September 07, 2006

Eating Soup with a Knife

Anyone who's been paying even cursory attention to the debacle in Iraq knows that the United States military doesn't do counterinsurgency very well. In fact, the military's awful at it. What's more, officials in the Army have long refused to try to improve things along this front—despite the fact that the military has lost in both Vietnam and Iraq because of, in part, its ineptitude at counterinsurgency. Instead, they prefer to focus on winning conventional wars, which the military does very well, but which are rarely fought these days. But why do military leaders do that?

In a new paper for Cato, Jeffrey Record of the Army War College blames it on the "strategic culture" in the military. American strategists have long preferred to "separate war and politics"—believing that if they just kill lots of bad guys, the rest will sort itself out later. When the Pentagon planned for a war against Saddam Hussein's army but neglected to plan for postwar operations, it wasn't a fluke: military leaders have always thought that way. And that culture is unlikely to change. So Record thinks the U.S. should just give up even trying to wage small, counterinsurgency-heavy wars like we've seen in Iraq, unless there's some truly, truly dire need.

It's a smart paper, but I think there are also structural reasons why the military is so terrible at counterinsurgency. For one, there's an institutional bias towards spending more and more money on fancy new weapons every year. Congress loves them, because fancy new weapons create jobs. Pentagon bureaucrats love them, because they get bigger budgets and new toys. Contractors and lobbyists love them for obvious reasons. So procurement spending takes up an inordinate share of the defense budget, at the expense of things that could potentially help the military become more adept at counterinsurgency—like an increase in peacekeepers and linguists.

There's also the fact that U.S. military deployments tend to be logistically very complex. Any occupation these days will need lots of support staff, supply lines, convoys, etc. All that stuff needs guarding. And that means that inevitably, something like the Green Zone will be set up, where soldiers reside, aloof from the local people and their culture—and that runs at cross-purposes with winning "hearts and minds" and the like. Plus there's the military's understandable desire to avoid casualties at all costs, which again, militates against having soldiers blend in with the local population. There's also public opinion to consider.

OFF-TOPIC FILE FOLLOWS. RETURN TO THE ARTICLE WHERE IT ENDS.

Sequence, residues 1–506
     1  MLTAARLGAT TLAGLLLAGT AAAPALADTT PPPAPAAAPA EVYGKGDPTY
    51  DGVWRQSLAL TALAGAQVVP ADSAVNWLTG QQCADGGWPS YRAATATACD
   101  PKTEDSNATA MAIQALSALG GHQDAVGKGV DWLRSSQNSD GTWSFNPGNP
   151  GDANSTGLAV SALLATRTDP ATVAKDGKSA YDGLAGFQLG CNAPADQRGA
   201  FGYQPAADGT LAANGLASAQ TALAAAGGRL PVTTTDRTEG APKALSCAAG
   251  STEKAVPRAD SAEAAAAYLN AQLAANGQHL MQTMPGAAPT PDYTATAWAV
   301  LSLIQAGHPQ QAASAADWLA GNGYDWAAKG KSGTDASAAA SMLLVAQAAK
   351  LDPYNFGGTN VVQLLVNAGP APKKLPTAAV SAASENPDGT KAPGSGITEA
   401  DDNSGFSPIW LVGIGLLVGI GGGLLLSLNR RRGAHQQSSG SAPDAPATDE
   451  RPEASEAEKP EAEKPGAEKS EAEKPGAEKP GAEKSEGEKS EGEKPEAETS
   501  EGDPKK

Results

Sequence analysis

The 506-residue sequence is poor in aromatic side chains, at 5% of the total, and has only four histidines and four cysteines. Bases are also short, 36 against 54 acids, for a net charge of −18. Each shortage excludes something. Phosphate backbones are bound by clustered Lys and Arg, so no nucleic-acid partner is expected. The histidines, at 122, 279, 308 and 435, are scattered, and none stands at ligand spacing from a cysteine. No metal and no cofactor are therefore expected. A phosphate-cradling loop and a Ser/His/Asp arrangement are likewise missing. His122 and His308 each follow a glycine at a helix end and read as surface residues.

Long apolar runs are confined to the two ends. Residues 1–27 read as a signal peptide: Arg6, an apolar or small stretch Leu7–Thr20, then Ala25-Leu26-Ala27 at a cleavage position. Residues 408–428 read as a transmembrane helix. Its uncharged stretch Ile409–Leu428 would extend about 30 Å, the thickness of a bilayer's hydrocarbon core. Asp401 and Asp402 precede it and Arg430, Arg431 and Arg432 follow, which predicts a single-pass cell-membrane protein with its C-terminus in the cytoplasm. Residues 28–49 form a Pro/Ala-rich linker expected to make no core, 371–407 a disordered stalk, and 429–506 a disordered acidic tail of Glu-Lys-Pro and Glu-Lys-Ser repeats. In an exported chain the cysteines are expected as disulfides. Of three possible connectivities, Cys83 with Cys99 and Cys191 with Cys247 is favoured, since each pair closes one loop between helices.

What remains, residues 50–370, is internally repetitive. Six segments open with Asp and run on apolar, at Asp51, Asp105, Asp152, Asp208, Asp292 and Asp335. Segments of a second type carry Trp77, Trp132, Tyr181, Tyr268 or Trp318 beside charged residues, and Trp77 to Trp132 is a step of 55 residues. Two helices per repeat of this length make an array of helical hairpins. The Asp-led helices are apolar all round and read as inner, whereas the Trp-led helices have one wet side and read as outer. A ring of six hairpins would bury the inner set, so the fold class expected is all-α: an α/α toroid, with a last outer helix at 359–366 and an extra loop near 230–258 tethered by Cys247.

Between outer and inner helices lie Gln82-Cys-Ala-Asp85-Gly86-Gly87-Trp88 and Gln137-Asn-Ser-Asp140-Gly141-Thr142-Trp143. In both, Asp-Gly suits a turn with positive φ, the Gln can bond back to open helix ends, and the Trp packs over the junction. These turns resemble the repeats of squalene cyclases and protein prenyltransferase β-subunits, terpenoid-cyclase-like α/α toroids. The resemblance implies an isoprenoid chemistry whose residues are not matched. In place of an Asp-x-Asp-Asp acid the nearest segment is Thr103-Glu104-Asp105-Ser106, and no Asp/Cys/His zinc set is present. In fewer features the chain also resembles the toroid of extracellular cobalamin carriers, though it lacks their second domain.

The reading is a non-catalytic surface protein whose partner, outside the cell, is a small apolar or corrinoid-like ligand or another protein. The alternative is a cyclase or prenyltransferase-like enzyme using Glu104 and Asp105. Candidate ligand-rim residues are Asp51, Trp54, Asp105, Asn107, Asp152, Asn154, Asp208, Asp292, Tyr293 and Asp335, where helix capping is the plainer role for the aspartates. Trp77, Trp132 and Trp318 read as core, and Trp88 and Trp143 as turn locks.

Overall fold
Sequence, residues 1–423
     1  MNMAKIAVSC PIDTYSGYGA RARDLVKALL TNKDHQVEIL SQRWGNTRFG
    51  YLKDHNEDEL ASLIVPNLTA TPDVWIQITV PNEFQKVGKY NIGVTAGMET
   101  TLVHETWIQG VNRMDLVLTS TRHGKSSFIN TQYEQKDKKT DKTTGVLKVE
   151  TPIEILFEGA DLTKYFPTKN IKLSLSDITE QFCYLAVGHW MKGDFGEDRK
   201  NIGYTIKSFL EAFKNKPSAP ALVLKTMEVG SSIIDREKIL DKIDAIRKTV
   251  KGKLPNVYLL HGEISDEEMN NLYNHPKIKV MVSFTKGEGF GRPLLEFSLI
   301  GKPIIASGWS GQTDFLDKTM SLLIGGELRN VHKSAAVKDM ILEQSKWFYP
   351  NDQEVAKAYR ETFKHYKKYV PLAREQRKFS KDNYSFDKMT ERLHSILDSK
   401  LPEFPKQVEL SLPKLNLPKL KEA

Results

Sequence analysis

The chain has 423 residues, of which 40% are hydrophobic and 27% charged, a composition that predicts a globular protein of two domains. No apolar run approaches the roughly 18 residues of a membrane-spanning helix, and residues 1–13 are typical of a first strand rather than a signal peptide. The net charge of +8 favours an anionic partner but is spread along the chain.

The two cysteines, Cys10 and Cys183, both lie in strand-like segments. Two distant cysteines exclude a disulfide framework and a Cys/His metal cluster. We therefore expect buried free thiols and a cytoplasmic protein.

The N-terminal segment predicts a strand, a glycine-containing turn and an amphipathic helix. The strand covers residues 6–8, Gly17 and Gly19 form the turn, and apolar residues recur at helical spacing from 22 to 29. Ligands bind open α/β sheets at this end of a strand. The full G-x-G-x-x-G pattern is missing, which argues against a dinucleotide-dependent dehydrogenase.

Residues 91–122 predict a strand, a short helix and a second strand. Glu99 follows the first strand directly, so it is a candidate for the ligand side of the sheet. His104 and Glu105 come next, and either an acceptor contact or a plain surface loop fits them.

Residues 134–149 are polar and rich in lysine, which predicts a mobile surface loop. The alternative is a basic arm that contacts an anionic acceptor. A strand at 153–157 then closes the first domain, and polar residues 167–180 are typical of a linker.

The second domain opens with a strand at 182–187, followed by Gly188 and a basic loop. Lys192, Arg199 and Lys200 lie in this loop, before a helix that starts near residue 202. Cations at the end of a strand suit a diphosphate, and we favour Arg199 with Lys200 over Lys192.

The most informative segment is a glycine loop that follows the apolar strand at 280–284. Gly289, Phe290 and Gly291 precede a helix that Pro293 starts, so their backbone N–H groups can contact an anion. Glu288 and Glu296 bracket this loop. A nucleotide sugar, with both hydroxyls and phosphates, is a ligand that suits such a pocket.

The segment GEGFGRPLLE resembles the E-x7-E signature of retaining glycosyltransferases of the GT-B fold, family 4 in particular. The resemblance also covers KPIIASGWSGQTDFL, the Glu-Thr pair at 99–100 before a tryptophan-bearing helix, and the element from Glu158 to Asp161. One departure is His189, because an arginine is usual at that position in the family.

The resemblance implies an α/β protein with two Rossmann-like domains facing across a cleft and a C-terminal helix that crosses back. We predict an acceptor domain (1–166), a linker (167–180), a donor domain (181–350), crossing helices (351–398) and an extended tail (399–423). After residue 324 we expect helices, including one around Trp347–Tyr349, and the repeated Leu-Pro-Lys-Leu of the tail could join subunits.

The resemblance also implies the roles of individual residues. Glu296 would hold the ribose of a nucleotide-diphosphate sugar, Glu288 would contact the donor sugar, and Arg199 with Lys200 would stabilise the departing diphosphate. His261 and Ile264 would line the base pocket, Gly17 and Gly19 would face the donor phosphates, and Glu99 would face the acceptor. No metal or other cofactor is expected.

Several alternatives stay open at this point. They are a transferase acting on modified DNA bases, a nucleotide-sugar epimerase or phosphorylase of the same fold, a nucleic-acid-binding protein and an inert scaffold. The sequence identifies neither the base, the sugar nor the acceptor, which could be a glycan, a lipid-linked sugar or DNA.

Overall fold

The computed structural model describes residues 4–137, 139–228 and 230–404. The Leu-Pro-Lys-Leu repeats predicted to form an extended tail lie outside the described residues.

At any rate, I do think Record's right. It's very, very unlikely that the military will suddenly become good at counterinsurgency. The latest Quadrennial Defense Review was probably the best chance that proponents of counterinsurgency had to drastically change the direction of the military. After all, soldiers were dying daily in Iraq because the military was futilely trying to win a fourth-generation war using conventional means. Surely if things were ever going to change, it would be then. But, of course, the 2006 QDR merely ended up hyping the "threat" from China and largely focused on building up the military's conventional capabilities further.

Record's paper dovetails nicely with an essay Andrew Bacevich recently wrote, arguing that Islamist movements in the Middle East are increasingly learning to wage sophisticated insurgency campaigns that are impossible for conventional Western militaries to defeat. Israel never vanquished Hezbollah. Iran will give the United States equal trouble or more if we ever try to invade. "The inhabitants of [the Middle East]," Bacevich says, "now have options other than submission or collaboration." We can no longer, it seems, impose our will on recalcitrant Middle Eastern countries by force.

Fortunately, as Bacevich rather sensibly points out, we don't have to impose our will on these countries. They don't pose existential threats. Iran, at the moment, is surrounded by American troops, rather than vice versa. Whatever problems are associated with its nuclear program can be handled by perfectly dovish means or, if worst comes to worst, deterrence. Ideally, the United States would just accept that it can no really longer use its military power to meddle in the Middle East. Regardless of whether we should or not, it's just not feasible. Somehow, I think we'll survive just fine.
-- Brad Plumer 11:31 PM || ||